California reported a record number of COVID-19 infections in a single day Monday, with 11,554 new cases, according to the Los Angeles Times’s roundup of all 58 counties in the state.
The report entered on Monday surpasses the single-day record broken just last week, when the state saw 11,142 COVID-19 cases, according to The Los Angeles Times.
California has also reported increased death tolls ranging between 91 and 99 fatalities each day since July 10, which ranks as the worst seven-day average since the pandemic started earlier this year.
The weeklong period that ended Monday marked the highest weekly total to date, with 674 deaths in the state. The new record indicates a 5 percent increase in fatalities since the previous seven-day period, which saw 640 deaths.
For the past three weeks, government-mandated shutdowns of businesses and services, including bars and restaurants, have been underway and could contribute to lowering hospitalization rates across the state.
Hospitalizations grew by 7 percent Sunday, but were lower than the previous weekend of July 12, when admissions increased by 12 percent.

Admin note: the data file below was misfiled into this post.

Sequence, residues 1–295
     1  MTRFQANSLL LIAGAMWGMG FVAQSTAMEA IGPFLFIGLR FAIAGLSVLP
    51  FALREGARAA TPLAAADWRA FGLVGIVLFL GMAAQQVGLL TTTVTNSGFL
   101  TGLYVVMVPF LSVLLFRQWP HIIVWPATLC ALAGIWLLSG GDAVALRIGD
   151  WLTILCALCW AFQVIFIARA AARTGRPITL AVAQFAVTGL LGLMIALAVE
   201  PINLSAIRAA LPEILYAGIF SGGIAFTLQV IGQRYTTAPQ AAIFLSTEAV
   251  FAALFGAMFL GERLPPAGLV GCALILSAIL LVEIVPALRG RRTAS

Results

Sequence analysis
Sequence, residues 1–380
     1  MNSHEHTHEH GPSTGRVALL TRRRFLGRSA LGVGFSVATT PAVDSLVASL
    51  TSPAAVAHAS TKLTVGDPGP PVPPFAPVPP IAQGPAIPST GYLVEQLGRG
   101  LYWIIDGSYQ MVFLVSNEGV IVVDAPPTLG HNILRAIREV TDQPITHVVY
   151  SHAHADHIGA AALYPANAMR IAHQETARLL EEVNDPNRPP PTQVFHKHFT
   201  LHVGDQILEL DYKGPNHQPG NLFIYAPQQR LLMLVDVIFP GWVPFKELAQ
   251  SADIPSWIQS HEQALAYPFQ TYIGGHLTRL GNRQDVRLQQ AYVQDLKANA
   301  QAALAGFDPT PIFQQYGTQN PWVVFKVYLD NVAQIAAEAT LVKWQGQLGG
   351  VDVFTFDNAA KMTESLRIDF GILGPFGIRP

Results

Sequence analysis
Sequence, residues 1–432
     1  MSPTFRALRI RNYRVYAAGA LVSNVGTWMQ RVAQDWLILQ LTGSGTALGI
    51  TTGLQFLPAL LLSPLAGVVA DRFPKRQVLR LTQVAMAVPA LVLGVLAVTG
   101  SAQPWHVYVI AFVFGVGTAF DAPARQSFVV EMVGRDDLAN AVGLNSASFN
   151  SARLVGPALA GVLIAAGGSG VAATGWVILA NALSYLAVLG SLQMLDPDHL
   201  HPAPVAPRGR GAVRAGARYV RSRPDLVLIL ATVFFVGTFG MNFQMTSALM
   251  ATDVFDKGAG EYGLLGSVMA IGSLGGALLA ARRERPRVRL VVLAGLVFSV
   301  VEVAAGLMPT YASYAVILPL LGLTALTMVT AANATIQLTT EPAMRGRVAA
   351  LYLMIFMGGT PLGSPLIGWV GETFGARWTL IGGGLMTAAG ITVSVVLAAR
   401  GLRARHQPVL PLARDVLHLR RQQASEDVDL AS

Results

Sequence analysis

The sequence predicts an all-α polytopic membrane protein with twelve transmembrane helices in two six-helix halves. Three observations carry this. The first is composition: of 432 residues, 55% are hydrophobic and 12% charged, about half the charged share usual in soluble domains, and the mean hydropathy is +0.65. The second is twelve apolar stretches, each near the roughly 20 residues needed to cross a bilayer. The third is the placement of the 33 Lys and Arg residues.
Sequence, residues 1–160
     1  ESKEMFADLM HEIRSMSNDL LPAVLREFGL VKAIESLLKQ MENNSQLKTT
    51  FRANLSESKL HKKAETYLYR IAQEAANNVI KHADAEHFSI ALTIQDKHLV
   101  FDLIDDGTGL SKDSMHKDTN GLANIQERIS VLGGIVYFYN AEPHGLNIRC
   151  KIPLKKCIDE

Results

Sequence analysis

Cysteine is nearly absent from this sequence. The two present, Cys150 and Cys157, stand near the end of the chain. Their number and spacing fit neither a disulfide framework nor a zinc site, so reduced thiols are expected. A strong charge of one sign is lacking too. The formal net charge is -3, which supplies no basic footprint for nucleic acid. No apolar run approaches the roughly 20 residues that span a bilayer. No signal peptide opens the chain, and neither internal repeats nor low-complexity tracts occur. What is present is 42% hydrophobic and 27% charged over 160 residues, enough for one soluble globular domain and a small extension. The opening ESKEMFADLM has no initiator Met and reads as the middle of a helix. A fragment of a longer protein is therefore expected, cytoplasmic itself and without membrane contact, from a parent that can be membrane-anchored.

Gov. Gavin NewsomGavin NewsomNewsom rips Trump order targeting undocumented immigrants in census: ‘Rooted in racism’California reports record high number of coronavirus cases, weekly deathsChurch defying shutdown order in California received PPP loan of at least 0,000MORE (D) announced Monday the positivity rate from coronavirus tests had dropped from 7.7 percent to 7.2 percent compared to the previous seven-day rate. However, it is likely too early to know whether the trend will continue to fall, according to Mark Ghaly, secretary of California’s Health and Human Services Agency.
“As soon as we feel confident in that trend and we see other numbers start to stabilize, we’ll credit some of the moves we made over the last few weeks,” Ghaly said. “It’s been about three, four weeks since we … first started to make moves … so we’re right in that time period where we may see some of the … benefits of those [policy changes].”